In Greek mythology, an Olympian stands on the same stage as that of the gods and goddesses. They are majestic in manner and superior to mundane affairs. The status an Olympian holds is neither appointed nor bought. In essence, an Olympian is a representative of the people, a representative of the civic, a representative to show the strength of a community. So, when I say that the reason I pursue a career in track and field is to become an Olympian, I am saying that I have been gifted with an ability that can showcase the power of my community and nation.
The gods were nothing without the people. The role the people played were just as important as the role the gods played. Similarly, an Olympian is nothing without its supporting cast. Unfortunately, a lot of athletes do not understand that or simply refuse to admit. We lie about making big money to our friends. We hide away when failure hits us. What is worse is that we expect the investors to shower us with money when we do a simple task correctly. We want everyone to see our potential but we forget to pay our end of the deal. We want to stand on the top of Mount Olympus and say we did it all on our own, with no help. Nothing could be more false.
We need help, plain and simple; but more importantly, we need support. Yes, the international committee for athletics has a huge part in marketing the sport, which is something they could improve. But we as athletes also have a role in “saving” this beloved sport. Nevertheless, instead of making it a simple task, we turn asking for help into some form of art that needs to be honed in on because we have too much pride to admit that as a professional athlete, we do not have it all together. As professional athletes, we want to be the ones to give back large amounts of charity. We want to be V.I.P. every time we step out. Unfortunately, we are the “Supermans” of the justice league rather than the “Iron-Mans”, most of our work is done undercover. While Iron-Man flaunts and gets the glory, we are Clark Kent during the day, and protector of the world when needed. So what I am saying is that the world needs you, you just have to show them how much you are worth by starting in your community and saving one life at a time.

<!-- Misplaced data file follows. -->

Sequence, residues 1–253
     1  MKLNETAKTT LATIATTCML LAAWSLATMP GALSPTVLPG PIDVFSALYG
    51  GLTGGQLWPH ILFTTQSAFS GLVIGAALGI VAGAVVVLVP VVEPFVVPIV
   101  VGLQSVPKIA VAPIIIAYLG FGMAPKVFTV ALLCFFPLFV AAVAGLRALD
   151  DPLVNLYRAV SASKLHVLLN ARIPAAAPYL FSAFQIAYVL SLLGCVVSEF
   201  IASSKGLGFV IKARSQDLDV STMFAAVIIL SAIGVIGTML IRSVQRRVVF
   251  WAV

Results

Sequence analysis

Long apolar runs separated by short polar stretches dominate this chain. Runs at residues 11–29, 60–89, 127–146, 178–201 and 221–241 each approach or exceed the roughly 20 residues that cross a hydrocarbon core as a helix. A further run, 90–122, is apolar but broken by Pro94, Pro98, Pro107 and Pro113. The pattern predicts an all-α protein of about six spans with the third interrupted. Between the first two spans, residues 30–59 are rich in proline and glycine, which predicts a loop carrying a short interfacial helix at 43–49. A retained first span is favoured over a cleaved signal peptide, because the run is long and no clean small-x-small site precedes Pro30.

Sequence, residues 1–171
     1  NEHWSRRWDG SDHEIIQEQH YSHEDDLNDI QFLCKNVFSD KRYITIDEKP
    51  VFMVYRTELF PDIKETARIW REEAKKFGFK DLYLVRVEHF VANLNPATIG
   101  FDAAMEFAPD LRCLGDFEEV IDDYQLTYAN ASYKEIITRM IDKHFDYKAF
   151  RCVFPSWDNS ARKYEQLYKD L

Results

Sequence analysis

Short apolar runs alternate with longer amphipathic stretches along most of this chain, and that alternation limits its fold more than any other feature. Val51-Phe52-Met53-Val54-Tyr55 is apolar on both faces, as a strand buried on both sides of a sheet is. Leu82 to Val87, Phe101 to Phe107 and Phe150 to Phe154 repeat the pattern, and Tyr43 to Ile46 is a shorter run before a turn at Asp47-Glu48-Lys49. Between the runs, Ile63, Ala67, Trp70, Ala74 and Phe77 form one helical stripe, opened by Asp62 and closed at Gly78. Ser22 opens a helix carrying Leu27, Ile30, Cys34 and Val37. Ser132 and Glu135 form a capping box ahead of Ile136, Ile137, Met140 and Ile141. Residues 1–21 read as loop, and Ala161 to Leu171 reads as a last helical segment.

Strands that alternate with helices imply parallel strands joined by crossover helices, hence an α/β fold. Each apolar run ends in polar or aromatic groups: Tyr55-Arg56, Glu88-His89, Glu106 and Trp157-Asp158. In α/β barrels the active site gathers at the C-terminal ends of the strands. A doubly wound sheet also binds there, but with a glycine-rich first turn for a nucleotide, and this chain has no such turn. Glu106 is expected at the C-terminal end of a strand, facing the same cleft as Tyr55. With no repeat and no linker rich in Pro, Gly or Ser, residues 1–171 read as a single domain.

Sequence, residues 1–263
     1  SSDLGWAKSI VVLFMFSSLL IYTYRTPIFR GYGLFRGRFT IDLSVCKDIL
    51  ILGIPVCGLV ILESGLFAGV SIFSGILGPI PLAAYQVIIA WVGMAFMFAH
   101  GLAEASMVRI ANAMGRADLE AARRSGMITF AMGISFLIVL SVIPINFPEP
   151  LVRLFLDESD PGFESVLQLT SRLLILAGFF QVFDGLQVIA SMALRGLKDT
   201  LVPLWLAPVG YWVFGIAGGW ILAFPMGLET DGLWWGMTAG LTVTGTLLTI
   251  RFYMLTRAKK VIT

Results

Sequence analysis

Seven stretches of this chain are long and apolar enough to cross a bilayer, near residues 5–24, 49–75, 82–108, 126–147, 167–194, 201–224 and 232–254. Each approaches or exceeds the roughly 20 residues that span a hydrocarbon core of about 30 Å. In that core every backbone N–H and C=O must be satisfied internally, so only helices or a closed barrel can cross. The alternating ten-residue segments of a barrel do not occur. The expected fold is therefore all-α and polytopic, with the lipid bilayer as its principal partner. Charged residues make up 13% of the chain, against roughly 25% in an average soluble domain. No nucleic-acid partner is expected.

As professional athletes, we can achieve things the majority of the population cannot. As a result, we become a symbol of inspiration. Then again, how much of an inspiration can one be if your story is unknown? In order for everyone to know our story, we must first share it. In order to share it, we have to interact with people. There is a huge business involving inspiration. Nevertheless, the main subject I want to highlight is that being a professional athlete does not stop when you step off the field. Obtaining the Olympian status is not the end, but only the beginning. Being a professional athlete is only a platform that we must use to project our true desires, whether that be in business, charity, art, or any other many endeavors. Asking for help is not a sign of weakness, but rather a sign of growth. You are a product of not only your works, but a culmination of surrounding support. So while we are training our bodies fervently, training our minds diligently, we cannot forget to train our hearts carefully by the development and connection of relationships.
“When we strive to become better than we are, everything around us becomes better too.” –Paulo Coelho.
Jeremy Dodson is an Olympic Track & Field sprinter with a Master's in Business Administration, and Bachelor's in Sociology, Economics, and Neurophysiology.